Winter is often the best time to look for unique scenes that can become great black and white images. The amount of daylight is shortest in winter and the sky is often overcast, which makes the amount of time for outdoor photography limited. The white snow and the dark trees in the mountains are a good contrast and often are one scene for a good photograph. Go farther than good and create the stronger black and white photograph by using the following tips and suggestions.
What makes an image unique is looking for that added element, which in this image is the reflections into the icy waters of Smiley Slough in western Montana. To create such an image as the one here you will want to keep your digital camera in a large ziplock bag in your camera bag for several minutes before and after using your camera outdoors. The ziplock bag will lessen the possibility that your camera will accumulate condensation, which can cause troubles for the camera lens and electronics. This will keep the “foggy” look off your lens and allow your camera to adjust to the elements (going outside to the cold and inside to the warm house or apartment).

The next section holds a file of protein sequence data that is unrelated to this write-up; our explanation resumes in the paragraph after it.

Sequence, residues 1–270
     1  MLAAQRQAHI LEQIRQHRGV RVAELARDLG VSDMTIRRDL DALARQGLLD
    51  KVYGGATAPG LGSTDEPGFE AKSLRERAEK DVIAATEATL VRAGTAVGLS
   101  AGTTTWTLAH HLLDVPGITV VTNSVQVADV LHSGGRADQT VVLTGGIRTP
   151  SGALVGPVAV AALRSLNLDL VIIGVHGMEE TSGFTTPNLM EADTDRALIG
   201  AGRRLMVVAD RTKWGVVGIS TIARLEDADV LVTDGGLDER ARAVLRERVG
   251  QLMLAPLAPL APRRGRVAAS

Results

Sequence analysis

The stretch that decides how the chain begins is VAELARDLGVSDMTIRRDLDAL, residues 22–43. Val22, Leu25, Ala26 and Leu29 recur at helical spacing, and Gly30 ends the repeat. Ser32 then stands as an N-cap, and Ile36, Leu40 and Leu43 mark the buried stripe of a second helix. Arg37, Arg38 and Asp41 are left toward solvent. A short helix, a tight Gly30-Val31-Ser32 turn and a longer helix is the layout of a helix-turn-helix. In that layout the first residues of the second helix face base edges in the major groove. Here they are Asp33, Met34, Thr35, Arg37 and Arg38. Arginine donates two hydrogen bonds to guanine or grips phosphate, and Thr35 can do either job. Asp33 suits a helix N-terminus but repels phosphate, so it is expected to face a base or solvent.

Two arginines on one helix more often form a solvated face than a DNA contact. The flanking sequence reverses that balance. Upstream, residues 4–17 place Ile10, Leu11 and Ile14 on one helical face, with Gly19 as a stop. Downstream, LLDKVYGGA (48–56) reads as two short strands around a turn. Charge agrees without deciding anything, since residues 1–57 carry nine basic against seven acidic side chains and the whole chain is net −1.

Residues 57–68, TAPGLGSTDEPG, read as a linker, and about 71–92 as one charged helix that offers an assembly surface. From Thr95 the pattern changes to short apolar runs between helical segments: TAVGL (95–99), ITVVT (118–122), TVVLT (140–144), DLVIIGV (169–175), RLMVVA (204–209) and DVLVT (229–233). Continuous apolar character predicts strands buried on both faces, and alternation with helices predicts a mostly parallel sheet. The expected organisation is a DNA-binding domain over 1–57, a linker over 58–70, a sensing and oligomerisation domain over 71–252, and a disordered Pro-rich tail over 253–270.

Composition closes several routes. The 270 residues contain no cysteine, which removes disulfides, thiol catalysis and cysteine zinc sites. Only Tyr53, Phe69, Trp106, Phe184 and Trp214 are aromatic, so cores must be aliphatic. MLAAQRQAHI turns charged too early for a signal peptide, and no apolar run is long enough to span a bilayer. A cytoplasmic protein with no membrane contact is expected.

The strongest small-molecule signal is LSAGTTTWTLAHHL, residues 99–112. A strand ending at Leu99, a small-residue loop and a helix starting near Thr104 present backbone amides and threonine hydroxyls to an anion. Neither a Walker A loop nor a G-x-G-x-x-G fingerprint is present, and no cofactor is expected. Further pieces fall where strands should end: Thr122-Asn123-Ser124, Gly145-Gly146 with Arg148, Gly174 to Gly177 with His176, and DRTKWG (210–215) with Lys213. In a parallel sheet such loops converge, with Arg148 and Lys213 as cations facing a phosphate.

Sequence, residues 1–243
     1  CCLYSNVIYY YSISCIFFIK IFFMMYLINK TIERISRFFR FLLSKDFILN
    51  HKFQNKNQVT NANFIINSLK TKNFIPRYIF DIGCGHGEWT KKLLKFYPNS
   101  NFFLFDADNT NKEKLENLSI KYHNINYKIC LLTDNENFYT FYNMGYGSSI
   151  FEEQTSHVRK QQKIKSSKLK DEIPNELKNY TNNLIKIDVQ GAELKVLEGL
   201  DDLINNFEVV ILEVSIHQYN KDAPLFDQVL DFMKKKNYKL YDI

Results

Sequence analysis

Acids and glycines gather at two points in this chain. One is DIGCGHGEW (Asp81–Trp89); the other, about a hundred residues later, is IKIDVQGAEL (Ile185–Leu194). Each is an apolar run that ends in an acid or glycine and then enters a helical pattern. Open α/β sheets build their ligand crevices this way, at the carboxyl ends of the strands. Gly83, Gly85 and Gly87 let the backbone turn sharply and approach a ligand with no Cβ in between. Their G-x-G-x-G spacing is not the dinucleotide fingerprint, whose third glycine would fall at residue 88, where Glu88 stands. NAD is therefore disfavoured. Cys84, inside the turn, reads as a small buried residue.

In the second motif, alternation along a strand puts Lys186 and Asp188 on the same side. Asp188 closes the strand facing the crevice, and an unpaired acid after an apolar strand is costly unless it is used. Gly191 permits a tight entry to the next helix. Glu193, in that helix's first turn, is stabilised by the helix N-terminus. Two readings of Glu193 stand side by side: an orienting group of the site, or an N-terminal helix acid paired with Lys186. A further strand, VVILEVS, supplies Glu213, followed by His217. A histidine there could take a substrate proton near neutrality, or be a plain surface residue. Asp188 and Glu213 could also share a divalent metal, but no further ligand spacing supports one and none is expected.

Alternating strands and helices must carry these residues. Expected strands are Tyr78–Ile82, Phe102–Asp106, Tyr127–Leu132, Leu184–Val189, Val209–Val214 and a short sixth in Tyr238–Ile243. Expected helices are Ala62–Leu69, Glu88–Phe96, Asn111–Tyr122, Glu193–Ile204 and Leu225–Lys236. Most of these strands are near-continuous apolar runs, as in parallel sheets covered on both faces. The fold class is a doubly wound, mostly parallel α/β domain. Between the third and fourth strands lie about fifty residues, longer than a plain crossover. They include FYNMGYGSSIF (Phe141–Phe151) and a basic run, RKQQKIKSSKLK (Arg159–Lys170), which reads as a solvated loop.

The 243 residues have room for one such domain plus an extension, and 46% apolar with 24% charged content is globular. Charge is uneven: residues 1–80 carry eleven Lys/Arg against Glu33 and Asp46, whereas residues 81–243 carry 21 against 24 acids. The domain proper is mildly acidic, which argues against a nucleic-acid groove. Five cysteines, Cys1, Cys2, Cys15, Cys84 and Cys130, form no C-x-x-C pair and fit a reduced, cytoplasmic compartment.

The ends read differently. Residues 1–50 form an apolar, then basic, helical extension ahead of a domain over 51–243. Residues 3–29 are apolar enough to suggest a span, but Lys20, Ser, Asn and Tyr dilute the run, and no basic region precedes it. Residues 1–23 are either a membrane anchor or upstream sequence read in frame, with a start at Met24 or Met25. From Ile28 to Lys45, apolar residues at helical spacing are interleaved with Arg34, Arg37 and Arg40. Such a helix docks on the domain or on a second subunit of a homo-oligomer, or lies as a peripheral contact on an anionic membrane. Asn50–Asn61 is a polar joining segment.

To create the image above I set my DSLR as follows: RAW, an ISO of 200, F16, in camera monochrome settings, no filters on or in the camera, and had the camera on AV (this setting permits me to change the F-stop, while the camera sets the shutter speed). In post processing I cropped the image in close and adjusted the highlights along with the shadows, and added the watermark.
What have you scene recently that would make a good black and white photograph? Do you shoot your photographs in color and then convert to black and white in a software program? Do you believe that black and white photographs are more difficult to create than color? How often do you create black and white photographs?